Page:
Which is the Best Royal Enfield bike??

Which is the Best Royal Enfield bike??

Royal Enfield Bullet:

Which is the Best Royal Enfield bike??


  • The Royal Enfield spans cruisers, cafe racer and now an adventure tourer.
  • Royal Enfield is one of the oldest motorcycle makers in the world.
  • The Himalayan adventure tourer is Royal Enfield’s latest offering.

There’s no simple answer to this question. From the Classic Bullet look to new age cruisers and even an adventure touring motorcycle in the Himalayan, Royal Enfield has a wide range of motorcycles on offer. For some, it may be the ‘60s British Design, the aura of the retro bike which has been in service for over half a century and for others, it may be a ‘do everything’ bike; for the daily commute, for leisure riding and even for the occasional long-distance ride. Which is the Best Royal Enfield bike?

Royal Enfield

Best Royal Enfields:

There’s no denying that Royal Enfield motorcycles attract a cult following, be it the seasoned ‘Bullet lover’ or the new bike for whom nothing else but a Royal Enfield would do. The reasons for this following are many-from brand loyalty, street presence, and the go-anywhere, rock-solid image of Royal Enfield bikes. But which Royal Enfield bikes on sale, and what each model offers, in terms of performance, fuel economy, and styling.

Bullet 350

The Bullet 350 still retains the Classic, age-old looks of the original 1950s Bullet, and it still commands a loyal fan following. The Bullet 350 is only available in black with the traditional hand-painted gold pinstripes on the tank and the Royal Enfield motif faithful to period-specific looks. A single round headlight with the ‘classic’ pilot lights in the same casing, triangular side panels with toolkit storage and a traditional rear fender with subframe complete the period look of the Bullet.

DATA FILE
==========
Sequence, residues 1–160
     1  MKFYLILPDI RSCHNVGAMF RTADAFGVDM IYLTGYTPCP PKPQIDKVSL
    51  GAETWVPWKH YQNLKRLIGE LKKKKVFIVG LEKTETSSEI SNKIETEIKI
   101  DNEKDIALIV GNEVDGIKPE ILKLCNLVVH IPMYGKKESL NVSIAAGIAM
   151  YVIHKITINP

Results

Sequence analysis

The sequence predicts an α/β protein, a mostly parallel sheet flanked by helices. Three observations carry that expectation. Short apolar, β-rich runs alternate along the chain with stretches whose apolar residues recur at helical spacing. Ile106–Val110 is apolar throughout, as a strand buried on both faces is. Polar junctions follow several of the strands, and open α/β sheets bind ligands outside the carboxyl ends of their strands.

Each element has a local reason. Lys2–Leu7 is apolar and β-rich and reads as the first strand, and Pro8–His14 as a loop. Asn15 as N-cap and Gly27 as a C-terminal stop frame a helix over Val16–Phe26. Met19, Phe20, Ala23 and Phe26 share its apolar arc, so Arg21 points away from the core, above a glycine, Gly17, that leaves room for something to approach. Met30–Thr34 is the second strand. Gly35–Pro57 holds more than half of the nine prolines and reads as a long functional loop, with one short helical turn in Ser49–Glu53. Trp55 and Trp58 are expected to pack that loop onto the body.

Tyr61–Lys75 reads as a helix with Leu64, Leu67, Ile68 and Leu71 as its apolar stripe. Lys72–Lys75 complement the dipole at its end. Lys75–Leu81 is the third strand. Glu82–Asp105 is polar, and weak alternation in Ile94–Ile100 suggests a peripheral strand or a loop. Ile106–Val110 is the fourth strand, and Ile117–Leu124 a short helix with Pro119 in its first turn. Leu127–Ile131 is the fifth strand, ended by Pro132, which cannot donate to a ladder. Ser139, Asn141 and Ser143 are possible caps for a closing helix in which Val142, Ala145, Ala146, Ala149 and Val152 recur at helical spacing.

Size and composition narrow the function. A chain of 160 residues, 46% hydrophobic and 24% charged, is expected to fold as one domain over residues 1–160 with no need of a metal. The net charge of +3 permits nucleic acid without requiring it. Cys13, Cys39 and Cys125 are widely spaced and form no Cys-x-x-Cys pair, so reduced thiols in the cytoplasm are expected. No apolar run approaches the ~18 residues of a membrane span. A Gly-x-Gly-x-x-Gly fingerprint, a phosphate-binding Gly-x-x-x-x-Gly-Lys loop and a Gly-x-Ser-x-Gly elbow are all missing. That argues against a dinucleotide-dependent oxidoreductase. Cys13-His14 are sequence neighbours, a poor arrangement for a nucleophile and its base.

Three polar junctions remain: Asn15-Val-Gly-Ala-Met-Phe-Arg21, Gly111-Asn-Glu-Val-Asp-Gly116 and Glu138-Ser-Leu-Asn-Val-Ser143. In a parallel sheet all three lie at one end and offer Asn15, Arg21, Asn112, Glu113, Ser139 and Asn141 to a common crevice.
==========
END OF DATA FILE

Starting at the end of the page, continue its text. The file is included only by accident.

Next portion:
Royal Enfield 500

The Royal Enfield 500 offers the same iconic, timeless design of the legendary Bullet, but gets a more powerful heart-a 500cc unit construction engine with twin-spark ignition. Visually, the Bullet 500 looks quite similar to the Bullet 350 but the 500 is available in three different shades- black, marshy grey and forest green. There are some minor changes like the ribbed seat, different tire tread pattern and the inclusion of a front disc brake.


As the name suggests, the Bullet 500 gets a bump in displacement-powered by a UCE which displaces 499cc and is fed by a carburetor with a throttle position sensor, unlike the fuel-injected Classic  500. The rest of the cycle parts are similar to the Bullet 350, but the 500 gets a 280mm front disc brake and better illumination, courtesy a powerful 55w halogen headlight.  Unlike the Bullet 350, the Bullet 500 gets a slightly smaller 18-inch rear wheel.

Bullet 500

The Royal Enfield Bullet Electra us a Bullet 350 with some cosmetic tweaks and minor upgrades. The silhouette is unmistakably Bullet, but the Electra gets added chrome, in the front and rear fenders and the embossed Royal Enfield on the fuel tank. This traditional hand-painted pinstriping is given a miss, as is the tank motif. The taillight is different as well, and the Bullet Electra is available in four different shades-silver, black, blue and red. Both wheels on the Bullet Electra are 19-inch spoked wheels. Its engine is the same as that of Bullet 350.

Royal Enfield Bullet Electra